I'm typically careful of not instilling needless fears in my toddler as I want her to be afraid of important danger and not everything and anything that might be dangerous.

We went for a vacation recently and I was being followed by 3-4 deer flies. I kept waving my hands around to shoo them away and my daughter understood that these bugs bite but has generalized this idea to ALL flies. She also got bit by something (deer fly or black fly) but I'm not sure she noticed what bit her or what happened (just saw a scab in her scalp).

This became a problem later during our vacation when she would break down at a restaurant because a (regular) fly was wandering around our food and also in the car until I managed to get the fly out. I don't mind my toddler being afraid of deer flies but being afraid of all flies is going to be hard on her! They are sort of difficult to tell apart as well so I'm not sure how I can help her out. I've tried explaining to her that they are not the same kind, that the regular flies don't bite. If one landed on my arm, I'd leave it there so she could see that I'm not scared.

I assume this fear is simply going to pass like many other things but are there any actions I can take to speed up the process?

I live in a place where most bugs are not dangerous at all; at most they will take some of your blood but there is no venom involved or direct threat to life. How do people living in places like Australia teach their toddlers to distinguish between a dangerous and a non-dangerous creature?

ETA: I was thinking some light exposure like trapping a regular fly and doing some observation involving the "protection" of a mason jar may be good for a start.

1 Answer 1


Catching some flies for her is a great idea, but it may be more useful as a second stage. Right now, she may just shut right down instead.

Personally, I would go with books featuring protagonist flies or other bugs. Once you’re able to develop a character for a fly to be, flies in the real world can suddenly be projected with that image. You can make a game or new stories by watching a fly travel around the room/garden.

Something else to consider is to wave more discretely when a deer fly is around. It is pretty easy to shoo a fly away with a slight hand motion; ever try to swat a fly slowly? They’re pretty sensitive. If your motions are soft and not agitated, your daughter is less likely to become anxious about them. Since she isn’t noticing when bites happen, it also wouldn’t be the worst idea to just let her get bit. It sucks a bit (I remember having bites from camping trips as a kid), but experiencing the effect first hand is a good way to reduce the worry about getting bit in the first place. Panic is a result of inexperience, after all.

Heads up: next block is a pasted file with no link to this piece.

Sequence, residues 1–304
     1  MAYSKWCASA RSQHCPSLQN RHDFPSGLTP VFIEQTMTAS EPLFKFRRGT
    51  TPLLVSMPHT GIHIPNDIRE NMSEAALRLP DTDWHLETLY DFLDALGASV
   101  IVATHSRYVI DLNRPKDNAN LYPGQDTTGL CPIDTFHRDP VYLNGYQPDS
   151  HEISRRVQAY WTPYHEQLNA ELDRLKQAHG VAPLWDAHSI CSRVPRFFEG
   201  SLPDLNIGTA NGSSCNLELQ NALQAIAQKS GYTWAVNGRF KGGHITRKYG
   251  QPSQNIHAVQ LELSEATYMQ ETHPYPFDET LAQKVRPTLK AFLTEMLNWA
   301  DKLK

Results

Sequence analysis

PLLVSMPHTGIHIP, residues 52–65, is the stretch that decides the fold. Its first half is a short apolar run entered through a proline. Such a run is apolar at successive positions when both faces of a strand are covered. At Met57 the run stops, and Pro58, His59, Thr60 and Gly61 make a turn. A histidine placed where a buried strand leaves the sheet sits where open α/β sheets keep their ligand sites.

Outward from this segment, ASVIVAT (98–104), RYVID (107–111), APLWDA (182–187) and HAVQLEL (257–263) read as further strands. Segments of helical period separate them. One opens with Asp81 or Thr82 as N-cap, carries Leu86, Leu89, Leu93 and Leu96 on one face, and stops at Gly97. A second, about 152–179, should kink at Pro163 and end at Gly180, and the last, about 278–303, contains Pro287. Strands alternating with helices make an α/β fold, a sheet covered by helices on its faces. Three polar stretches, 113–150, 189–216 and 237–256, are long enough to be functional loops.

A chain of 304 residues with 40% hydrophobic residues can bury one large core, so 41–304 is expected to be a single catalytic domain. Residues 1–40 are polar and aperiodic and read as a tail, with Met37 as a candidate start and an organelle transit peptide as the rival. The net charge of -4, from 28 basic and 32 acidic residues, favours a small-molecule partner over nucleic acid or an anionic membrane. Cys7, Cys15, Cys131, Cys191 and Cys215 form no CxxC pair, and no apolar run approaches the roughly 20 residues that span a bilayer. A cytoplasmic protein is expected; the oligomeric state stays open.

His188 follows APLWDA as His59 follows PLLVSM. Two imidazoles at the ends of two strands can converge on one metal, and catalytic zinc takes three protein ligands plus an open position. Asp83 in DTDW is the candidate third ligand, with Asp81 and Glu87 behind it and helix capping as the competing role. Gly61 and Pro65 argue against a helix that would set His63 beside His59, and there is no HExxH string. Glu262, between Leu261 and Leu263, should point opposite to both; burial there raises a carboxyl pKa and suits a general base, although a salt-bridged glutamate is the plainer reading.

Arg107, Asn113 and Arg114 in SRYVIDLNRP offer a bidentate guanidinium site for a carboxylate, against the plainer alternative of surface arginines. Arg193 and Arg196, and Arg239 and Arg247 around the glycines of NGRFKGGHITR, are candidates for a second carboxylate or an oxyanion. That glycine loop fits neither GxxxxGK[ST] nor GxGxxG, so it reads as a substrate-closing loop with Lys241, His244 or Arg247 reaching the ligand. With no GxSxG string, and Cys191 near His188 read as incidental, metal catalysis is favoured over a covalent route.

• "If your motions are soft and not agitated, your daughter is less likely to become anxious about them." I totally agree (didn't think about it at the time though!). The next day, we were in a hotel and the fire alarm went off in the middle of the night. I was really anxious but did my best not to let it show and she seemed completely unimpressed by all the noise and chaos as we evacuted. I feel so silly about the fly problem I've caused now! Then again, I'm one of those people bugs love to love and they'd been following me for a good hour. Difficult not to get annoyed!
    – curious
    Commented Jul 19, 2018 at 19:24
  • 2
    I’d say don’t sweat it too much. This kind of thing usually all comes out in the wash, as they say. Kids freak out over all sorts of things. Just be happy you’re pretty sure you know why this time. 😉 Commented Jul 19, 2018 at 19:39

You must log in to answer this question.

Not the answer you're looking for? Browse other questions tagged .